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As of May 29, 2020, Dauphin County, where our office is located, has moved from Red to Yellow status. Our office will re-open on June 1, 2020. Until further notice, Stay Safe Guidelines will be followed, including safe social distancing (6 feet), cleaning after each client and the wearing of masks by employees and clients at all times while in our office. People who are ill and those without masks will not be permitted entry into our office.

Divorce, important points and negotiating a fair settlement

If you and your spouse have decided to end your marriage, neither of you may want to go through a long and expensive courtroom process.

Obviously, you want a fair settlement. If you can agree on most matters, you may want to substitute negotiation for litigation, and there are certain points you should not forget to consider.

Health insurance plans

Health insurance plans are expensive. If you have children and are the custodial parent, you will need coverage. Ask that the amount of health insurance you require figure into the child support payment.


Most retirement accounts divide equally in a divorce. However, you should think about Social Security. With the phased-in increase, you will not qualify for full benefits until you turn 67. If this is going to be a major income source, you should bring it up during the divorce negotiations.

The family home

If you are the custodial parent, you may want to keep the home you and your children love. It may be the most valuable asset when it comes to property division, but it is an illiquid asset. You will have to make mortgage payments, and there is also upkeep to consider. Give this some thought; it may make more sense for you to sell the house.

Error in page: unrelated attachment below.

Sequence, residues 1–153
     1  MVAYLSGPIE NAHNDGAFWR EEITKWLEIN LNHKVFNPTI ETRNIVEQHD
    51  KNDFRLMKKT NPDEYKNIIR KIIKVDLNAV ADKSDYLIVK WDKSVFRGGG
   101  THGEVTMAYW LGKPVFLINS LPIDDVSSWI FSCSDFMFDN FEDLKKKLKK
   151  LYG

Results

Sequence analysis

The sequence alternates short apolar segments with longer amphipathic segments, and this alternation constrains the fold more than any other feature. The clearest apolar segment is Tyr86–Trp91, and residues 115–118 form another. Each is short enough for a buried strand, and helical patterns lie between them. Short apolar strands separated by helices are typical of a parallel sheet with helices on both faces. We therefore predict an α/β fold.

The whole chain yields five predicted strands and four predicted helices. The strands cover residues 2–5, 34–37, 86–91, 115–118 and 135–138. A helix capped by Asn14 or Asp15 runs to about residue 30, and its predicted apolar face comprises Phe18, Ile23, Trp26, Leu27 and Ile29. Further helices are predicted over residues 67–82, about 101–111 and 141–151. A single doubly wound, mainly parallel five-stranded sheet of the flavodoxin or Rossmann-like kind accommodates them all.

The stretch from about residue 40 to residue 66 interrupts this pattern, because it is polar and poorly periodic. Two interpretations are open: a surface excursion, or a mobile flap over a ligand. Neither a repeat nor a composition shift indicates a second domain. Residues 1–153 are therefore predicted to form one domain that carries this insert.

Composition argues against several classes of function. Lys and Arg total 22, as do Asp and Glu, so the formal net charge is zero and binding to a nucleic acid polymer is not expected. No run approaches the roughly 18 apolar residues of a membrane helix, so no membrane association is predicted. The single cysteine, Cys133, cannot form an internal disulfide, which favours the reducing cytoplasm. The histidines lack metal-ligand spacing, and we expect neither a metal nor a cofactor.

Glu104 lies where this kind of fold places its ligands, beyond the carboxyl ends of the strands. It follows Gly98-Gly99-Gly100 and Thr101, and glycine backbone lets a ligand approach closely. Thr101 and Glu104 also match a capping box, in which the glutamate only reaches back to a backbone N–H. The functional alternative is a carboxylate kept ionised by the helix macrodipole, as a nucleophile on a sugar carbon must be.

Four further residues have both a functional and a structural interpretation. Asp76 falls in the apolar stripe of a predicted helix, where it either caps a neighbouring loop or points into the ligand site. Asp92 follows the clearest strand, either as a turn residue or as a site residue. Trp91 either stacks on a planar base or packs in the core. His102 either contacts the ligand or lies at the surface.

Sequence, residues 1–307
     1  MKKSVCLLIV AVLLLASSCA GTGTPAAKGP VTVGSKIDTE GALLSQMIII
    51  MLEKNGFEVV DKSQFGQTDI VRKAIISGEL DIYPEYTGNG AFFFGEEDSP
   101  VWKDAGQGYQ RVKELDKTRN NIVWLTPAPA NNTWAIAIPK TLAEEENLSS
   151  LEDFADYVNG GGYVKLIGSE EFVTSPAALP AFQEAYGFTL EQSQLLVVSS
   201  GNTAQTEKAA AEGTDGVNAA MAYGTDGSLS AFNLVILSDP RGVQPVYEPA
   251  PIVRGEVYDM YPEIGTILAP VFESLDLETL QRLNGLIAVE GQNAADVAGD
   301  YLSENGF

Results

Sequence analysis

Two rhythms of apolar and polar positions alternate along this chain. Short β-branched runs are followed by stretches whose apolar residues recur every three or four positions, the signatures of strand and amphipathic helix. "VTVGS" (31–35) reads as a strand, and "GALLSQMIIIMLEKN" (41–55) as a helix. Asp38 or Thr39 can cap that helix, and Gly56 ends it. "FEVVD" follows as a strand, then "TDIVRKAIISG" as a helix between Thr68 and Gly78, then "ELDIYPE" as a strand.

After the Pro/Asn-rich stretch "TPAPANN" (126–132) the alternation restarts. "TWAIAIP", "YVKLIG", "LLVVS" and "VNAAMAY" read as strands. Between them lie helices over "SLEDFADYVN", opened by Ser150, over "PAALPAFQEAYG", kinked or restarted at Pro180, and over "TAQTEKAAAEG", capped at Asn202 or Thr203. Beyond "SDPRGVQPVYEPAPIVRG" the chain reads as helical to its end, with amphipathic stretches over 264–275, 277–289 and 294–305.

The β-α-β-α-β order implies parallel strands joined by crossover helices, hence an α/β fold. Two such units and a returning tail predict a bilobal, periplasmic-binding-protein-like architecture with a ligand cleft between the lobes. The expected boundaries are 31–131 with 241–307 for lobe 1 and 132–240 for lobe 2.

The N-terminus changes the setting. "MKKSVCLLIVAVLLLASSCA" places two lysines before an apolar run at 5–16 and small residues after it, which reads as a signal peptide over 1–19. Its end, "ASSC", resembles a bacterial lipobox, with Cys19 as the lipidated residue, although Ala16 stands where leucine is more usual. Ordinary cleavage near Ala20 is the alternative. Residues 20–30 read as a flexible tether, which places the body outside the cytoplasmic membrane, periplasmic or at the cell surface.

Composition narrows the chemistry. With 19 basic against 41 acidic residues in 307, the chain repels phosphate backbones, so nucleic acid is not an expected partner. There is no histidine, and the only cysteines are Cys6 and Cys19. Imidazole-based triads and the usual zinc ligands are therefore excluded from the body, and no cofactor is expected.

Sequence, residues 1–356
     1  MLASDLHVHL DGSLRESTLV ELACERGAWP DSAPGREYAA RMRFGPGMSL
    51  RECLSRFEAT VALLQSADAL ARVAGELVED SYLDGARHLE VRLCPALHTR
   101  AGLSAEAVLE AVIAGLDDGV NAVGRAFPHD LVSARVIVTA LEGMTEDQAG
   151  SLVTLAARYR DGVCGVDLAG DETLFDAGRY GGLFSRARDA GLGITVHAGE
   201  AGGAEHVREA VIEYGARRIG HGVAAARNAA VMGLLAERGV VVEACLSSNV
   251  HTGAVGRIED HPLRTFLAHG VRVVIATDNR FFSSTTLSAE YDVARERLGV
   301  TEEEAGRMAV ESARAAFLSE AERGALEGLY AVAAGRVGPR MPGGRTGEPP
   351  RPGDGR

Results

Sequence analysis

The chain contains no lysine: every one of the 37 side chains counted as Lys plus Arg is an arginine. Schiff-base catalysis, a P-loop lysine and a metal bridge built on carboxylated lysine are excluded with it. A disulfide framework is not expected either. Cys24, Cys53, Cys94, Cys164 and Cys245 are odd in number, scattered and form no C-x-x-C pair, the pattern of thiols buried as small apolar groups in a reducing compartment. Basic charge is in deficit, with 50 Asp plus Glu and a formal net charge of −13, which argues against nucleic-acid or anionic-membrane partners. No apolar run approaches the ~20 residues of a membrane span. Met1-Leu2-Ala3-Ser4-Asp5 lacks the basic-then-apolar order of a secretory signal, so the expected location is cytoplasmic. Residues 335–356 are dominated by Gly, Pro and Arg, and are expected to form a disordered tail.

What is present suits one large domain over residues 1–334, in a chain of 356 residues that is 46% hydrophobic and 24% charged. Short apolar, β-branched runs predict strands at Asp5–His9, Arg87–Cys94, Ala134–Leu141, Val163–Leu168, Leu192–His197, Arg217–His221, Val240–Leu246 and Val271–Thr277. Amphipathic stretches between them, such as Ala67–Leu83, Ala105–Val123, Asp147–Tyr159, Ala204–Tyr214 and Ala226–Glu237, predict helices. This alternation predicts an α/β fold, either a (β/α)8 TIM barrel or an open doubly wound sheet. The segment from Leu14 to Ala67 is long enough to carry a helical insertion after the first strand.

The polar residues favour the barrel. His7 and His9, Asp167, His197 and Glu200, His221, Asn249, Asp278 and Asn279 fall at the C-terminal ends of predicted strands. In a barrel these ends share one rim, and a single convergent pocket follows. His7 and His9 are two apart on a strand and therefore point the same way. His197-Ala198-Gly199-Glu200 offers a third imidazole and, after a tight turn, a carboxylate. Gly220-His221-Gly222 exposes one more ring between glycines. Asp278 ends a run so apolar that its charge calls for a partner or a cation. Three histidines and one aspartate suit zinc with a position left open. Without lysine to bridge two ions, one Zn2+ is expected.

Cost of living

Again, if you are the custodial parent, remember that the daily needs of your children not only include food, shelter and clothing, but also extracurricular activities and the cost of gas for transporting them there. Think of all the daily “extras” when negotiating your settlement.

Looking ahead

With experienced legal guidance, negotiation will be a much smoother way for you to end your marriage than submitting to a traditional court process. Engaging in negotiation will help you minimize both time and expense while finding solutions to sticking points. Your ability to work with your soon-to-be-ex toward a satisfactory divorce settlement will also set the groundwork for respectful and effective future communications, an especially important consideration if you have children.